In Herb Sutter's book Exceptional C++ (1999), he has words in item 10's solution:
"Exception-unsafe" and "poor design" go hand in hand. If a piece of code isn't exception-safe, that's generally okay and can simply be fixed. But if a piece of code cannot be made exception-safe because of its underlying design, that almost always is a signal of its poor design.
Example 1: A function with two different responsibilities is difficult to make exception-safe.
Example 2: A copy assignment operator that is written in such a way that it must check for self-assignment is probably not strongly exception-safe either
What does he mean by the term "check for self-assignment"?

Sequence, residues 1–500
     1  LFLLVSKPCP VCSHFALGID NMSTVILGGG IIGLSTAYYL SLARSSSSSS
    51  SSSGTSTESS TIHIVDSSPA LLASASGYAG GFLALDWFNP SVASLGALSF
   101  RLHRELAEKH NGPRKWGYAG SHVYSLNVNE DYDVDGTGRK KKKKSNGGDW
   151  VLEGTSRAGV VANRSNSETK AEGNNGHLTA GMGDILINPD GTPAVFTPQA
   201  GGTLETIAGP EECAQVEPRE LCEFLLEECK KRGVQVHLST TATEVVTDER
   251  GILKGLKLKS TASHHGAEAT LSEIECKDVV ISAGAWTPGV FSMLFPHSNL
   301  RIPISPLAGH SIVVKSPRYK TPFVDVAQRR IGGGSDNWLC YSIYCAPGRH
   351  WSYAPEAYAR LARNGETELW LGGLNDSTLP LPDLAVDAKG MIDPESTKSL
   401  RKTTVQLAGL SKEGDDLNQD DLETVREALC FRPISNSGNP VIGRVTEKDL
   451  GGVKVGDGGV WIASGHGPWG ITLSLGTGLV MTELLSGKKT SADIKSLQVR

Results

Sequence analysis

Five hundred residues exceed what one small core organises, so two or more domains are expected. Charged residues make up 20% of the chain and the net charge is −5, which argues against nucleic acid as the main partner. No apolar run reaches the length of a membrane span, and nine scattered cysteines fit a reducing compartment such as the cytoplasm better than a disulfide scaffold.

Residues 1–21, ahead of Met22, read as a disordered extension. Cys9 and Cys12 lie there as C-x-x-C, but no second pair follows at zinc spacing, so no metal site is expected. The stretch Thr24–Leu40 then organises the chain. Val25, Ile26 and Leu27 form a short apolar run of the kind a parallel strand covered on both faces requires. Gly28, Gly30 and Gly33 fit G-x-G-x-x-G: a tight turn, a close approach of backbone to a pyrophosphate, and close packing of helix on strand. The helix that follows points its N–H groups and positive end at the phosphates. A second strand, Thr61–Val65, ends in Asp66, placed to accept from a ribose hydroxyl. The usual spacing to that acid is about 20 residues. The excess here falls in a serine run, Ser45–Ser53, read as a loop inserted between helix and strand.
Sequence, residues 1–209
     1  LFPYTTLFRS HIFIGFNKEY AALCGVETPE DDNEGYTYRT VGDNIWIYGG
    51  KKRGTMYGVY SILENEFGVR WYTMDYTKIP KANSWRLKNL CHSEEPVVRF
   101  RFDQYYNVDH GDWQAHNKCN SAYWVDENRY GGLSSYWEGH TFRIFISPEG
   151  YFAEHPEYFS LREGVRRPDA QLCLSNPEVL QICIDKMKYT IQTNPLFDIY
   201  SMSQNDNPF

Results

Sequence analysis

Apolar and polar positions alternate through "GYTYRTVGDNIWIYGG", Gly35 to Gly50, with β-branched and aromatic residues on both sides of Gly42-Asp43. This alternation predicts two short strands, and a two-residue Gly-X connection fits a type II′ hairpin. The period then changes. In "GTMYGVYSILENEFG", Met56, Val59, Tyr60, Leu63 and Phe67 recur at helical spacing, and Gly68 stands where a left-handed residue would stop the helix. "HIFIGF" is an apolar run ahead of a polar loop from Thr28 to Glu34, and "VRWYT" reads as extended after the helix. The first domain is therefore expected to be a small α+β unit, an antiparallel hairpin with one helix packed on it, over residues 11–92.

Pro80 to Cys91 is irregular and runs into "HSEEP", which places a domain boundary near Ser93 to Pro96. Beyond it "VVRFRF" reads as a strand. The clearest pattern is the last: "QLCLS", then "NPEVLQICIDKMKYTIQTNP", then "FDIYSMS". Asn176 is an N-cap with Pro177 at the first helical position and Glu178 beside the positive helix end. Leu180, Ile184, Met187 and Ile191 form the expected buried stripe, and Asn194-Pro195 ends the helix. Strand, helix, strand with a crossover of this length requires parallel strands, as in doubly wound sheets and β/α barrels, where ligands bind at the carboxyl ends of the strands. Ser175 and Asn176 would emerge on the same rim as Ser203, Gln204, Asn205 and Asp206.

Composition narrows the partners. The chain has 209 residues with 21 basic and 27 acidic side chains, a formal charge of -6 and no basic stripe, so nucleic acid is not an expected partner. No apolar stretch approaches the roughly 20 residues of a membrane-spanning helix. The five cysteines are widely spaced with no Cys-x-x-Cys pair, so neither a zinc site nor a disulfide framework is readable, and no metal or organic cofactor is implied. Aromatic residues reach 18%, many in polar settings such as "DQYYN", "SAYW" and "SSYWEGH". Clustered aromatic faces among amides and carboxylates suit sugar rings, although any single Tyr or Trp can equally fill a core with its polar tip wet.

Dave and AndreyT shows us exactly what "check for self-assignment" means. That's good. But the question is not over. Why does "check for self-assignment" hurts "exception safety"(according to Hurb Sutter)? If the caller tries to do self-assignment, that "check" works as if no assignment ever occurs. Does it really hurt?
[MEMO 1] In item 38 Object Identity later in Herb's book, he explains about self-assignment.